If beer is the new wine, robots are the new beer snobs. Well, sort of.
Researchers in Barcelona have developed an electronic tongue that really knows the difference between a pilsner, a lager and a bock.
For now, it looks less like a slick, futuristic robot and more like a big clump of sensors. It's still a prototype, but its creators say it could one day replace human taste-testers.
And in a study published in the journal Food Chemistry, the researchers found that the robo taste-tester can distinguish among different types of beer with 82 percent accuracy.
Manel del Valle, one of the study's authors and a roboticist at the Autonomous University of Barcelona, says food and beverage manufacturers could use the technology for quality control.
"The food industry needs to test lots of their products — and this is usually done by an expert," del Valle tells The Salt. "But if you transfer this expertise to a robot, you can produce at night, you can produce on the weekends." And manufacturers wouldn't have to worry about having a taste-tester on hand at all times.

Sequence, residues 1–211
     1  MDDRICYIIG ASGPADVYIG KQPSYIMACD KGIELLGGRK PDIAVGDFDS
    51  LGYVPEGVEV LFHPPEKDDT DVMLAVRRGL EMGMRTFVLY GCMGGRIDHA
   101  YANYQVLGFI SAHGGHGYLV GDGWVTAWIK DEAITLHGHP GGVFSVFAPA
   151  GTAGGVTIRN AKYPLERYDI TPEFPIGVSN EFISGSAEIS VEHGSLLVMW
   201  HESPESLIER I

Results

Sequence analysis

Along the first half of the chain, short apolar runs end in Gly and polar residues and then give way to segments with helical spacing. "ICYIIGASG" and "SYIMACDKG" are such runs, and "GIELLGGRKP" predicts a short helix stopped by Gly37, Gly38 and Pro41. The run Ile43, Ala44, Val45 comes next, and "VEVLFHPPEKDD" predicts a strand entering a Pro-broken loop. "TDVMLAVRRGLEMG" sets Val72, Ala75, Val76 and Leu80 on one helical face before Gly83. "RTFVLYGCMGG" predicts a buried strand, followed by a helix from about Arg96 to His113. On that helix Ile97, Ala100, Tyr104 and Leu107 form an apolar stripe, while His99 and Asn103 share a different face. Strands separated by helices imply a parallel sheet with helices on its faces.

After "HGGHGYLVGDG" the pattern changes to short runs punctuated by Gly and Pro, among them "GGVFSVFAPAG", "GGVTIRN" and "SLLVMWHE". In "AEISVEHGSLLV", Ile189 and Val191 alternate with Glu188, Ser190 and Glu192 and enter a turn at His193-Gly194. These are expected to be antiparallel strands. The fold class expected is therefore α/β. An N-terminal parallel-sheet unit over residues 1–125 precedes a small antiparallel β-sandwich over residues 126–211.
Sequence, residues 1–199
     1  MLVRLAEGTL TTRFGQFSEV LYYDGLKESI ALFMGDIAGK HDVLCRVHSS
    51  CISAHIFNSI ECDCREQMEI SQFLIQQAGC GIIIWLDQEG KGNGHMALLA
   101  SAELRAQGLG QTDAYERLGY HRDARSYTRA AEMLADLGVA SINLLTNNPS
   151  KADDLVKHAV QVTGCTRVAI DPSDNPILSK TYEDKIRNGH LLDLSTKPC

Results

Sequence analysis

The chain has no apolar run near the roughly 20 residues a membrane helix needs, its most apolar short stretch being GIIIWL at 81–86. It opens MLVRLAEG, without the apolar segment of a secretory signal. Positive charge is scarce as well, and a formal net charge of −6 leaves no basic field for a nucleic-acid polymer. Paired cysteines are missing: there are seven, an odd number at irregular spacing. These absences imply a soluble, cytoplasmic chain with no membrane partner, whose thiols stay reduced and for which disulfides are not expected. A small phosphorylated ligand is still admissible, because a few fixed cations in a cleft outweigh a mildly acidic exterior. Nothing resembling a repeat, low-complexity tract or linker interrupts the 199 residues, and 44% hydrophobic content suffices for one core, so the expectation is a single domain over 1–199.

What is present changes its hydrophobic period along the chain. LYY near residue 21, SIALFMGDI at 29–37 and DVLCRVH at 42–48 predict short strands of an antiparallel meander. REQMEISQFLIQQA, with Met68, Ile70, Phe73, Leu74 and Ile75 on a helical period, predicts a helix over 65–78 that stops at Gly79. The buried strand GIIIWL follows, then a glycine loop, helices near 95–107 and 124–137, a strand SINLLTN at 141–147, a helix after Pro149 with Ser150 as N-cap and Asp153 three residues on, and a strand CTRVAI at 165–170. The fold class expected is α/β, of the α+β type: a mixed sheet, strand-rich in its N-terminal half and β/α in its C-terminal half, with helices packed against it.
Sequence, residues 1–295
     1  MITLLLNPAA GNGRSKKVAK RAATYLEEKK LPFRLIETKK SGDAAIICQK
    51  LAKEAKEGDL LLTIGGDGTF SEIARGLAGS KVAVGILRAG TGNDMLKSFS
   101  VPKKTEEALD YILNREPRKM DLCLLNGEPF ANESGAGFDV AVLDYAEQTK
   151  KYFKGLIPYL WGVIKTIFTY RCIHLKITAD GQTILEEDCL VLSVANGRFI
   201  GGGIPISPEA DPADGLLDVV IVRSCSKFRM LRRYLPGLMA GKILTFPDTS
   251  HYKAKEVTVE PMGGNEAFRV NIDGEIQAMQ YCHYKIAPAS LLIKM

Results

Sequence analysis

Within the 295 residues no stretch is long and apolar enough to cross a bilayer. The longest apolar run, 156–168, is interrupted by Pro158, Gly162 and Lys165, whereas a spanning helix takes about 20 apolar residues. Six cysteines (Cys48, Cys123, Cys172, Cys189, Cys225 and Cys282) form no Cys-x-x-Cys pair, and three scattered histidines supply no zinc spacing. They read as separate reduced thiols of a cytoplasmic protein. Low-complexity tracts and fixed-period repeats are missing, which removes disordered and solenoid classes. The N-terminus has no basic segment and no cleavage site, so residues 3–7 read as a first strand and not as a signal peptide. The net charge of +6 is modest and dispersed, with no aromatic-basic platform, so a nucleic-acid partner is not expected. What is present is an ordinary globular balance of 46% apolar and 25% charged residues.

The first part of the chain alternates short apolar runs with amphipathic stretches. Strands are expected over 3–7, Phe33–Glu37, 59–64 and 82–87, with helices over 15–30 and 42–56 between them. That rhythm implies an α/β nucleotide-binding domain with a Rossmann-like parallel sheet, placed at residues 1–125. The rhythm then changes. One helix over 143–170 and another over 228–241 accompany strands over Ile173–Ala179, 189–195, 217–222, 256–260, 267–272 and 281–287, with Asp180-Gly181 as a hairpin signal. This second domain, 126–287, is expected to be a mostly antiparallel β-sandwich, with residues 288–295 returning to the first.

So it seems these robo beer buffs are more likely to be sampling Bud Lights someday than craft brews.
The electronic tongue works by using its array of sensors to identify the chemical components in a solution, del Valle says. It then cross-checks what it finds with what it already knows about different beers.
The robot is best at discerning tastes it has already been trained to look for. For the purposes of their study, del Valle says, the researchers taught the tongue how to distinguish among five distinct types of beers. So when they had it taste a shandy — a drink that is traditionally a blend of beer and lemonade, ginger ale or citrus soda — the electronic tongue knew that something was different.
Del Valle says the next step is to fine-tune their data processing tools so the tongue can taste with even more accuracy.
For now, del Valle says he and his colleagues are tailoring their creation to the beverage industry, but the robots could be tweaked to serve as taste-testers for pharmaceutical companies and drug manufacturers as well. He's also working with forensic scientists, using the robot to test for things like gunshot residue.